Guest Blog from Colin Riley – sharing reflections on using field recordings, and news of the premier of ‘Hearing Places’ in performance with the BBC National Orchestra of Wales.
For the last ten years most of my work as a composer has sprung from two interconnected themes; ‘the environment’ and ‘place’. In other art forms there is a way to weave in a direct message, but with music alone you are really just dealing with patterns and implied emotions. It’s inevitably more oblique. Since I love collaborating and interdisciplinary work, this has all fitted together quite naturally for me, and involving other art forms has been common practice.
In 2017 I released an album and toured the UK with a project called In Place. This involved commissioning new texts from a range of writers engaged with place including Robert Facfarlane, Richard Skelton, Jackie Morris, Nick Papadimitriou, Paul Farley, and Selina Nwulu. These texts ranged from nature writing to psychogeography and ideas around our personal place in society. This ever-evolving project began as a song cycle, mutating into a concept album, radio podcasts, music videos, remixes and education projects.
In 2019 I was commissioned to write Earth Voices, a large-scale orchestral work for a Swedish orchestra. Earth Voices is a celebration of noticing the magnificent and fragile things in our natural world. It was pure orchestral writing with no texts, and I attempted to portray different natural phenomena in each of the movements. There were bird murmurations, sunlight through trees, majestic mountains, and a slow twilight.
Filming and recording in Central Square, Cardiff
I have just finished composing a second orchestral work Hearing Places, which is in many ways an amalgam of the previous two pieces. Instead of using text or just orchestral colour, Hearing Places blends field recordings and video clips into a multi-sensory experience for the concert hall. Again it celebrates the noticing of our surroundings, engaging the listening with a close affinity with place in both nature and man-made environments. The specific locations are all in Wales: Port Talbot Steel Works, Porthmadog Harbour, Dylan Thomas’s writing hut in Laugharne, Solva Woollen Mill, a stream in the Brecons, Cardiff Central Square, and Llanfwrog Church, Ruthin.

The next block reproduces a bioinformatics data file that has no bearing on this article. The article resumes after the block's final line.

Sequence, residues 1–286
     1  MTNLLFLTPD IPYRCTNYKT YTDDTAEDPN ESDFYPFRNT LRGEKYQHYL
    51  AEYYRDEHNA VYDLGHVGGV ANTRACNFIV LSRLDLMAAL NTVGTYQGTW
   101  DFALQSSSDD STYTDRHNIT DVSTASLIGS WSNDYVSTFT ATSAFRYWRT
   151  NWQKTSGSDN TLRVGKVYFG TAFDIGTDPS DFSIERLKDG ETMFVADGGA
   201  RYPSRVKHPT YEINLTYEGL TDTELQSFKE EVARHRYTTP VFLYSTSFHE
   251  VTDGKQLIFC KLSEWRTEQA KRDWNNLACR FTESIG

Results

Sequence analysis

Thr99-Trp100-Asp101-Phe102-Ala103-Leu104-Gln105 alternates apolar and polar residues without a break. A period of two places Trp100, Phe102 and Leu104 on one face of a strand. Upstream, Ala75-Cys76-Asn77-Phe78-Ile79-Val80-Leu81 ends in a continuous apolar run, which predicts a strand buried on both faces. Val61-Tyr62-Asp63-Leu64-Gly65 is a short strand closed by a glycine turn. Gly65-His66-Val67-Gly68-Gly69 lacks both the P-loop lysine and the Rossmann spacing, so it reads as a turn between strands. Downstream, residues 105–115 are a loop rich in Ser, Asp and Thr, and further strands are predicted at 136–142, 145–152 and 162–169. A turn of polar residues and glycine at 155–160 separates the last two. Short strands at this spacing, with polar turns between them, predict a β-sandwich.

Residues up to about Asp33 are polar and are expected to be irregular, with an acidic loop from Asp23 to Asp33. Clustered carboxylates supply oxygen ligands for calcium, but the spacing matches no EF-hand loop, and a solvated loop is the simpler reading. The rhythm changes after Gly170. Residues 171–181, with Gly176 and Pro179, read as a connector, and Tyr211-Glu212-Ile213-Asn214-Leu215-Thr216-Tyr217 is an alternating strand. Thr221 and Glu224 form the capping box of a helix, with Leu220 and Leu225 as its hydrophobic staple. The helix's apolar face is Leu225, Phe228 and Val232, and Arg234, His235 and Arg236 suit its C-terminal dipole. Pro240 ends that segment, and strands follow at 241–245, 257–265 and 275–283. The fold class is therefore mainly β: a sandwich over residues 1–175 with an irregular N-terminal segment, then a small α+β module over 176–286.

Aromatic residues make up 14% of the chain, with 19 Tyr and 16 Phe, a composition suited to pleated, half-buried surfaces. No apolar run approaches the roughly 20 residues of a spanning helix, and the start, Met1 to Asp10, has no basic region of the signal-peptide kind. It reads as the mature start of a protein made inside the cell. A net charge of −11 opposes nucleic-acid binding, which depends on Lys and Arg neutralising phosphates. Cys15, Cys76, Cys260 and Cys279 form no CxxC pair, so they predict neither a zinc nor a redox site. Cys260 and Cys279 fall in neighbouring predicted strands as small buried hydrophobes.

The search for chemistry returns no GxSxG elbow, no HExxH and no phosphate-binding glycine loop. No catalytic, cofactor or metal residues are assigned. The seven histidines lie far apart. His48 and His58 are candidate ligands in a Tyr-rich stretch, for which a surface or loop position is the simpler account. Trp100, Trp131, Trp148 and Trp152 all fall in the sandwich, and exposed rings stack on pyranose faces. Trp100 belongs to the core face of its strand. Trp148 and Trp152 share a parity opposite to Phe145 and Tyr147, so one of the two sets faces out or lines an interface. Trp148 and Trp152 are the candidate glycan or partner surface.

Porthmadog Harbour (left); Llanfwrog Church, Ruthin at twilight (right)
With this suite of seven movements I am aiming for a new kind of symphonic experience. It involves immersive listening, and a way of sharing in the noticing of often inconsequential, yet hugely-beautiful sounds. The music aims to capture both the delicate fragility and massive power of our world, and to illustrate simply what we stand to lose in the environment crisis we are now in. It is my view that through the act of noticing our surroundings, we can begin to value our world more. Natural elements are frequently referenced in the music (weather, times of day, natural phenomena and the seasons), as are the human imprints left in our world (machinery, vehicles, pattern-making, conversation).
Stills from video
Hearing Places celebrates the rich audio and visual patterns found all around us, and I’ve spent the last year travelling to all corners of Wales collecting field recordings and video clips of interesting places that have captured my imagination.
These small building blocks of pitch, rhythm, and pattern in turn then became the materials for the creation of the music itself. Sometimes I simply made a natural emotional response in terms of mood and feeling, and at other times took a more forensic approach. The audio forms a strand of the orchestral fabric, woven differently in each movement, and is ‘played’ from within the orchestra by the keyboardist. Similarly the video clips form an additional textural layer for the audience, and likewise are triggered by the keyboard in different ways. Sometimes a place may be recognizable, but very often it remains abstract and mysterious.
Hearing Places is premiered on Friday 17th February in the Hoddinott Hall Cardiff by the BBC National Orchestra of Wales.
Colin’s routes, mapped; and images of work in progress.
Colin has also written about his process in three blogs: